During the quarter, Wall Street sentiment turned dramatically bullish as it became evident the continued shift to E-commerce and delivery would benefit Federal Express. UPS benefitted as well but the re-rating of Federal Express was remarkable and proves that when sentiment changes on Wall Street, big moves can happen.

HCA Healthcare (HCA) +27%

During the quarter, HCA delivered better than expected second-quarter results. Key patient volume metrics started to improve as some elective surgical procedures ramped back up as the pandemic effects lessened.

Charter Communications (CHTR) +20%

Charter continued to show investors that its broadband internet offering is much more financially important than its cable video offering. Investors are continuing to recognize and appreciate the higher margin broadband service which is critical to work from home, learn from home, and new forms of streaming.

Berkshire Hathaway (BRK/B) +20%

Investors started to better understand what Berkshire’s potential pandemic liability was related to its exposures to insurance, banking, energy, and aerospace industries. Many of those fears from the second quarter abated and Berkshire’s earnings showed solid resilience and remains very cheap, selling slightly above book value coupled with over $130 billion in cash.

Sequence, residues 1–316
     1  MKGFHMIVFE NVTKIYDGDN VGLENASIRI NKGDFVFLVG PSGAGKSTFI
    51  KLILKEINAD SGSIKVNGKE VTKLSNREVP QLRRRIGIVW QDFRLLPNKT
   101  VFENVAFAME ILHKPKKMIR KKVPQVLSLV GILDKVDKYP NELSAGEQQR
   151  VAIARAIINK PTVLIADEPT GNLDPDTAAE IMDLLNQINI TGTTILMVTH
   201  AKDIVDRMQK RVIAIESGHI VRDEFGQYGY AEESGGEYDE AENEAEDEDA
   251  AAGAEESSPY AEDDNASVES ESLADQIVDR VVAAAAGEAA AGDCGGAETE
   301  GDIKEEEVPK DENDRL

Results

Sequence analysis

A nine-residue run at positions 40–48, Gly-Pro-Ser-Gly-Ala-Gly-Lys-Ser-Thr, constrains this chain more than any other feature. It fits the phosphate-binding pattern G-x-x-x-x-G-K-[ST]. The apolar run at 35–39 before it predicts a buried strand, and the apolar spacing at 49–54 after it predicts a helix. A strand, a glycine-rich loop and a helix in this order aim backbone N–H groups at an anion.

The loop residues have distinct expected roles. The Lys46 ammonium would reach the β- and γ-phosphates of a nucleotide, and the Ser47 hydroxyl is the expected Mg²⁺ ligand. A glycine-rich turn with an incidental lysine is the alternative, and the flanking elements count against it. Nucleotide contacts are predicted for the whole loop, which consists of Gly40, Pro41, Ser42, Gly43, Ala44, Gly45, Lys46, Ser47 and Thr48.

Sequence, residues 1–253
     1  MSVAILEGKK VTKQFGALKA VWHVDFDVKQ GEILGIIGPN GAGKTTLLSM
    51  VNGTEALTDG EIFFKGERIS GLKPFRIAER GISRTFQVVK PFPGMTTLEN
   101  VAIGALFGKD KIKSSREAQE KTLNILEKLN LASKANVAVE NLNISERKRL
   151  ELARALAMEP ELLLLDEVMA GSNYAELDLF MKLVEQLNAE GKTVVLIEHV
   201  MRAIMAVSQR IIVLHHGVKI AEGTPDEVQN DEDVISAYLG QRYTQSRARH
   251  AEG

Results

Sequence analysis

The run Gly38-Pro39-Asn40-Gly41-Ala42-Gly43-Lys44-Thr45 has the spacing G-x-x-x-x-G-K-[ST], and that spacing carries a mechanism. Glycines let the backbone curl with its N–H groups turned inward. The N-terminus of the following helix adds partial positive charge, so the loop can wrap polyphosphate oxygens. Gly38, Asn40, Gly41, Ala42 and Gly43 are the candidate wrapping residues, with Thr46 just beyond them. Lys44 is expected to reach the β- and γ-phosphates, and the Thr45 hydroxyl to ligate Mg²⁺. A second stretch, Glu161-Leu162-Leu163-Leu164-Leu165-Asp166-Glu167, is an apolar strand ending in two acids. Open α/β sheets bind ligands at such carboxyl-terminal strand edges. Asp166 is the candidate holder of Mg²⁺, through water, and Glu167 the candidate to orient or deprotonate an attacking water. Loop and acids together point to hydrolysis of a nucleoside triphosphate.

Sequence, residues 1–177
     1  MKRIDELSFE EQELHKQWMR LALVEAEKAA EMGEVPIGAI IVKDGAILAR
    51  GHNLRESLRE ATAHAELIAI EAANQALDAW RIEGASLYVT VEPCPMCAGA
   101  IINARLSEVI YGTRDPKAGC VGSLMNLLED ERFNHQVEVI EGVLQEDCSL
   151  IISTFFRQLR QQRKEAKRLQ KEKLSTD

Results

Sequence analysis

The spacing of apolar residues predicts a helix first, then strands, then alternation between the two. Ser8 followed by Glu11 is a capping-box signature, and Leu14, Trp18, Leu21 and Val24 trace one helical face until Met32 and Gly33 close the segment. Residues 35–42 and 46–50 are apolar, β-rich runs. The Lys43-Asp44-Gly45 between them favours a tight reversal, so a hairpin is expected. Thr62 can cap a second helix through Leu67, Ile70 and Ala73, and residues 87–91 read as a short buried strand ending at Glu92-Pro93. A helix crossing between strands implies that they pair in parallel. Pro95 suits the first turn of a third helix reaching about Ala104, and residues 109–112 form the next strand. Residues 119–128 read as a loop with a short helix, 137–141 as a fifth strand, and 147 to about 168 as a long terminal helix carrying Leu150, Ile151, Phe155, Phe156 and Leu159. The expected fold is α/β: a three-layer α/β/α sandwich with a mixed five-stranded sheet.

Abbott Labs (ABT) +19%

Abbott’s stock continued to be viewed favorably in light of their new Covid-19 antigen test, which is helping to increase the diagnostic testing capacity in the U.S. The company’s pediatric nutrition products as well as its glucose monitoring technology remain healthy and largely impervious to macro-economic conditions.

Our thoughts on portfolio positions that had negative or the least positive impact on the strategy for the period ending 9/30/2020

CVS Health (CVS) -10%

CVS Health continues to perform and execute well in our opinion. The company is at the intersection of all things important to healthcare; pharmacy, insurance, wellness, testing and soon to be vaccinations. Very reasonably valued with strong management allows us to be patient while the market comes around to this value.

Raytheon Technologies (RTX) -7%

Raytheon is now finishing up its first full quarter as a new company with its merger with United Technologies. Its aerospace business, which represent 50% of the company, is still temporarily under the pandemic cloud as many airlines are operating at diminished capacity. The defense contracting side of the business is solid with recurring contractual revenue. Widening out our investment timeline lens to 2022, we see good upside.

Wells Fargo (WFC) -6%